Quick Summary: Richard Eyer is an experienced Lutheran Church – Missouri Synod (LCMS) pastor, chaplain, and professor of over 40 years and is the author of several books.  This book presents a well-balanced, practical theological perspective on pastoral care that is informed by psychology and medicine, but not controlled by it.  He interacts with our current cultural perspective of individualism, relativism, and utilitarianism to explain the wide canyon between it and a Christian view of pastoral care.

Friday, February 11, 2011

Soul Friend by Kenneth Leech

Soul Friend: An Invitation to Spiritual Direction
Kenneth Leech
New York: HarperCollins Publishers, 1992
 250 pages

Rating: 8 out of 10

Quick Summary: Retired Anglican priest and theologian, Kenneth Leech, authored this “modern classic” on Christian spiritual direction.  Almost every current book on spiritual direction will quote or comment on this book.  It is like Dallas Willard’s Spirit of the Disciplines.  Everyone respects it and refers to it, but no one really wants to read it because of its scholarly depth and difficult prose.  In addition, this book is also thorough and scholarly.

Healing Emotional Wounds by David G. Benner

Healing Emotional Wounds
David G. Benner
Grand Rapids: Baker Book House, 1990
137 pages

Rating: 7 out of 10

Quick Summary: Because of my personal interest in a Christian approach to counseling and psychology, this prompted me to read and revue a third book by Dr. David Benner.  He is a Christian clinical psychologist and has written on many topics relating to the Christian faith, spirituality, and psychology.  In this work, he integrates psychology with Scripture to address the healing of emotional wounds.  We all experience emotional wounds that we do not deserve.  What can we do about them?

Friday, February 4, 2011

Spirituality and Pastoral Care by Kenneth Leech

Spirituality and Pastoral Care
Kenneth Leech
Cambridge, MA: Cowley Publications, 1989
149 pages

Rating: 8 out of 10

Quick Summary: Kenneth Leech is a retired Anglican priest who has written two modern classics on Christian spirituality, Soul Friend and True Prayer, which I hope to review at a later time.  He draws on his many years of research into the history of Christian spirituality and of experience as a priest to call pastors to the ministry of spiritual direction as a focus of pastoral care.  He covers the foundations of spirituality, spiritual direction, and the practice of spirituality in ministry.  I appreciate Leech’s broad approach which includes both the social as well as the individual implications of the Gospel.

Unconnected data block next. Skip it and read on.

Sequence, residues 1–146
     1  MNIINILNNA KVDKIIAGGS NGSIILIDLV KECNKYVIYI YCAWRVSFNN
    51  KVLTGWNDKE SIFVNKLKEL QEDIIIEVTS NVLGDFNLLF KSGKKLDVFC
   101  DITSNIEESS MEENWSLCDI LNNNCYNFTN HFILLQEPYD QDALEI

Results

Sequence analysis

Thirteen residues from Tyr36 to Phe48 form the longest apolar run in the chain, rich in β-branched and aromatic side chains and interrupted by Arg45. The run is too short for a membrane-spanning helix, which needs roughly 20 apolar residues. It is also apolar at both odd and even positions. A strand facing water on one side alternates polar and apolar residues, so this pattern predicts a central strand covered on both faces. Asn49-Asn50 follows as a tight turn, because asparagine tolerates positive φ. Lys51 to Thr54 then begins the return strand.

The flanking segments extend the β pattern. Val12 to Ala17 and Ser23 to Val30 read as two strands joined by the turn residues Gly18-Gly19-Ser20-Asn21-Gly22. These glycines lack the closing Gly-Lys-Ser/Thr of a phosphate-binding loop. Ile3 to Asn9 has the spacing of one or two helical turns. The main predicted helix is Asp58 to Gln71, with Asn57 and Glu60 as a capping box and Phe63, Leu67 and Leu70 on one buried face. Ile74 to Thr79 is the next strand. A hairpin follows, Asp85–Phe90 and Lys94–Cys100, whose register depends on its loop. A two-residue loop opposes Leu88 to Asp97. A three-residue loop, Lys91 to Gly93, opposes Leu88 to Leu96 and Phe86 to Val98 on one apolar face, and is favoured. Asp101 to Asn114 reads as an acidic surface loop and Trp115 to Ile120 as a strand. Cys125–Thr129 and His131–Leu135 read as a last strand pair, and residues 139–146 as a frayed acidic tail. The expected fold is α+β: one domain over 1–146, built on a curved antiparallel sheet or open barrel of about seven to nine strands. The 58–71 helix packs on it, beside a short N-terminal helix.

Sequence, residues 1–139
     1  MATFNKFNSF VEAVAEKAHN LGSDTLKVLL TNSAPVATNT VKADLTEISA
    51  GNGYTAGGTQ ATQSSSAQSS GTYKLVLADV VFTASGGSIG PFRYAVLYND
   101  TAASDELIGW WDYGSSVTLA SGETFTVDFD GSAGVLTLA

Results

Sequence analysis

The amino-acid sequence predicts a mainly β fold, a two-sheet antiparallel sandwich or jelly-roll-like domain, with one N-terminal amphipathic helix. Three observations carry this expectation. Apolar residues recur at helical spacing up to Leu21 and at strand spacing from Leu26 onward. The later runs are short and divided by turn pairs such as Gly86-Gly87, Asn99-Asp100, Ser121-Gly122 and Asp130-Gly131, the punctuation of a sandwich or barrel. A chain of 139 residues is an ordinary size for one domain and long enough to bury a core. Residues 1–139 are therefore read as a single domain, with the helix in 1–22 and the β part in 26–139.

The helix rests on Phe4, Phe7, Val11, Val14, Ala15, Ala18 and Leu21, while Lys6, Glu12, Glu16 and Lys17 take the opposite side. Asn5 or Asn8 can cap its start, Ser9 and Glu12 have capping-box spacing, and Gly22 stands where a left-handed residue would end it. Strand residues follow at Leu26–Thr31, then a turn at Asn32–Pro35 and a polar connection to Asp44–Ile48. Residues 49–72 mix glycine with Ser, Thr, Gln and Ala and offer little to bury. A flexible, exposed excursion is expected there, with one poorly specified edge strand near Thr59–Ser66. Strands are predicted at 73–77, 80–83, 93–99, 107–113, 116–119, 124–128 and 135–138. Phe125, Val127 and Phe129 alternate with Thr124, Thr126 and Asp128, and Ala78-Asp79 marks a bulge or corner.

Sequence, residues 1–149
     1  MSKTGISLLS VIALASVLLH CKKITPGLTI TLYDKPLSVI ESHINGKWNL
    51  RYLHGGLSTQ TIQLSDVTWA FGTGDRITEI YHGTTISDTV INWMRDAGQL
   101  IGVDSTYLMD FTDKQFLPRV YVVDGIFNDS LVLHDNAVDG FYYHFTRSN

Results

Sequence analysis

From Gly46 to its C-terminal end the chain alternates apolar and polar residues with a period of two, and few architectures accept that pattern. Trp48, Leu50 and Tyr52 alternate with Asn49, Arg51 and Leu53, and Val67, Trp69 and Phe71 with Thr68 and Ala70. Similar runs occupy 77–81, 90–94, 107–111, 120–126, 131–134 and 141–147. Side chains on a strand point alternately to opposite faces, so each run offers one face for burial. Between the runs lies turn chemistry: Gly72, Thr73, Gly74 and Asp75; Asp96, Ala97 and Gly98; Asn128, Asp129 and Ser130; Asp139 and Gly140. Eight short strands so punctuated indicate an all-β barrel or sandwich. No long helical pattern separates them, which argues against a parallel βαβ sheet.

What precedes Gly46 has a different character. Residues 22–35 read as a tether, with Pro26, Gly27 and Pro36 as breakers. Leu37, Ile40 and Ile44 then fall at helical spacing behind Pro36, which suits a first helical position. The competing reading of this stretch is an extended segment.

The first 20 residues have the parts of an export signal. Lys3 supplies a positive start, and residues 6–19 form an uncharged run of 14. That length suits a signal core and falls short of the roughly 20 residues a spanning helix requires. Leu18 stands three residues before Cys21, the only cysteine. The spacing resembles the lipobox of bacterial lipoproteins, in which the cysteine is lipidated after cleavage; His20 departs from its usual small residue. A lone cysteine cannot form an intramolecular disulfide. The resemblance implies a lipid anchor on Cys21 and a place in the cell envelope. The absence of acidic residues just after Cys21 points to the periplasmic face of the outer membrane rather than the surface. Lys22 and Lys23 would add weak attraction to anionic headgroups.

Lutheranism 101 by Concordia Publishing House

Lutheranism 101
General Editor: Scot A. Kinnaman
Assisting Editor: Laura L. Lane
St. Louis: Concordia Publishing House, 2010
309 pages

Rating: 9 out of 10

Quick Summary: Lutheranism 101 is published by Concordia Publishing House which is the publishing arm of the Lutheran Church Missouri Synod (LCMS).  The LCMS is an orthodox, confessional Lutheran denomination.  Lutheranism 101 is a very accessible, well-written, sometimes entertaining introduction to the LCMS.  I especially appreciated the short chapters... they kept it interesting and moving.  It does an excellent job of explaining Lutheran theology, history, and worship.  Also, it explains common Lutheran terminology and concepts, which many evangelicals would not be familiar with.

Strategic Pastoral Counseling by David G. Benner

Strategic Pastoral Counseling: A Short-Term Structured Model
David G. Benner
Grand Rapids: Baker Book House, 2003
2nd Edition

Rating: 8 out of 10

Quick Summary: Dr. David Benner, a Christian clinical psychologist, has researched and written on many topics relating to the Christian faith and psychology.  In this work, he has written a pastoral counseling textbook for pastors who counsel, but who are not trained as professional counselors.  He has created a counseling model that utilizes pastors’ biblical and theological training in a pastoral counseling context.  While the strategic model is based on research of what pastors actually do concerning counseling, it attempts to focus this by setting pastoral counseling in its proper context of one’s overall pastoral ministry and makes use of the spiritual resources of pastors in addressing parishioners’ issues in counseling.